Sainte-Mère-Eglise was made famous by the brave men of the 82nd Airborne who parachuted in around the village on June 6th 1944 and signalled the start of the allied invasion. The village though small was significant because whichever side controlled the village, could cut off access to Normandy and the beaches there.
Due to heavy barrages of air bombardment, many of the planes containing the paratroopers went off course, leaving the Airborne division scattered all around the Normandy area upon landing.
An unexpected fire broke out inside one the buildings within the village, which helped to identify the location from the surrounding fields. The troopers had to deal with flooded fields that drowned a number of soldiers and some fierce fighting by German forces.
Battling through, the 82nd surrounded the village ready for an attack. A special unit of German soldiers held the village, expecting the allies to advance on their location at some point. Fighting erupted, continuing through the night and by morning the German threat had been eliminated with around 30 German soldiers captured.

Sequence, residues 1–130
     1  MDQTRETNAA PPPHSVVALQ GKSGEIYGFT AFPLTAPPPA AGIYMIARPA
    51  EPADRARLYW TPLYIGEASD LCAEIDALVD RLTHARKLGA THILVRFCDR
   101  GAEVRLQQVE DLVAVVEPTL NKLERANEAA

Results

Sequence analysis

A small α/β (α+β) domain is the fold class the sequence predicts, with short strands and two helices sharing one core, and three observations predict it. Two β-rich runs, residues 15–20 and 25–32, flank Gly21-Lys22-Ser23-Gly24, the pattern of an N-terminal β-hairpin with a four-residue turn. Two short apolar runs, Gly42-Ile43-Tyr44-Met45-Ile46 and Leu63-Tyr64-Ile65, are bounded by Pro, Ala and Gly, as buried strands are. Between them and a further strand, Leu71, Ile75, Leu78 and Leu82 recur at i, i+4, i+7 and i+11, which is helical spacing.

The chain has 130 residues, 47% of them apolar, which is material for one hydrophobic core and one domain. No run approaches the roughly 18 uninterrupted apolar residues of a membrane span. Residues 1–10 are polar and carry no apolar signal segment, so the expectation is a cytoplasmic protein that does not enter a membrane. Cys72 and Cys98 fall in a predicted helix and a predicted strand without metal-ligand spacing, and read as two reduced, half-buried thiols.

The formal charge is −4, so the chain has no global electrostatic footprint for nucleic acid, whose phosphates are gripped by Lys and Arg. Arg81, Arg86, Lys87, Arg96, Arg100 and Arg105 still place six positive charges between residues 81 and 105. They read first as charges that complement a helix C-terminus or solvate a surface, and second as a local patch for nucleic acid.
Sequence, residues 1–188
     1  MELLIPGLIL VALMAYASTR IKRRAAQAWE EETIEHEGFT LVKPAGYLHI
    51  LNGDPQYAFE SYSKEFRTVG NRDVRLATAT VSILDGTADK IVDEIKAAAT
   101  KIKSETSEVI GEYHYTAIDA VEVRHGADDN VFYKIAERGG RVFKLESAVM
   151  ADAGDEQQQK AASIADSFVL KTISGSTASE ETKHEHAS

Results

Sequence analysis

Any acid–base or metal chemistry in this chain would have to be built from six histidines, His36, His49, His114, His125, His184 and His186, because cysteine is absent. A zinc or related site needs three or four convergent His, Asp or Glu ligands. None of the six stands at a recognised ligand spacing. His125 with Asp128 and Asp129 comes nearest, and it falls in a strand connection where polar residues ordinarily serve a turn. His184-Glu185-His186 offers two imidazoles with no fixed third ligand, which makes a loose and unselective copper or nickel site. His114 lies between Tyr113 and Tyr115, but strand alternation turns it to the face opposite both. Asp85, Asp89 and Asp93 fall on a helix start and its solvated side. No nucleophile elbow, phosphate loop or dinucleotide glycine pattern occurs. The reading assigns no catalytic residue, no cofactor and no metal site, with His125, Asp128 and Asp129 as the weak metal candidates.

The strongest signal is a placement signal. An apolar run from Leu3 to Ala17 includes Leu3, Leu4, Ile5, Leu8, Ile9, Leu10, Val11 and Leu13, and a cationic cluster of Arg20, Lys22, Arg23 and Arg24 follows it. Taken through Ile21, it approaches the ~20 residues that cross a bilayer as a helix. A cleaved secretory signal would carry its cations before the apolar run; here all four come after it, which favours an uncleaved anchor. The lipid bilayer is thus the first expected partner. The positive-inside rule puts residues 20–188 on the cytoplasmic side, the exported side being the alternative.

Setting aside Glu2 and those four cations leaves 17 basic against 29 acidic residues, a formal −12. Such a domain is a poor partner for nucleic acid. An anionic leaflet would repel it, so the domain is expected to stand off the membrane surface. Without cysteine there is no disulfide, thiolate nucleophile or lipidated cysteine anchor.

The orders were to expect a counter-attack by the Germans from the direction of Cherbourg, to reopen access to the Normandy beaches. But the allies defiantly held their ground. Some believe that a battle that took place at La Fiere was the basis for the last battle in the war film, Saving Private Ryan, however the details are different while the goals remained the same.
For people who are interested in the history of the second world war, Sainte-Mère-Eglise is a fascinating place to visit. Authentic war artefacts from the American Airborne are on display at the American Airborne Museum. The museum is located in a building on the site of that pre-invasion fire where the locals doused the flames with water trying to put the fire out.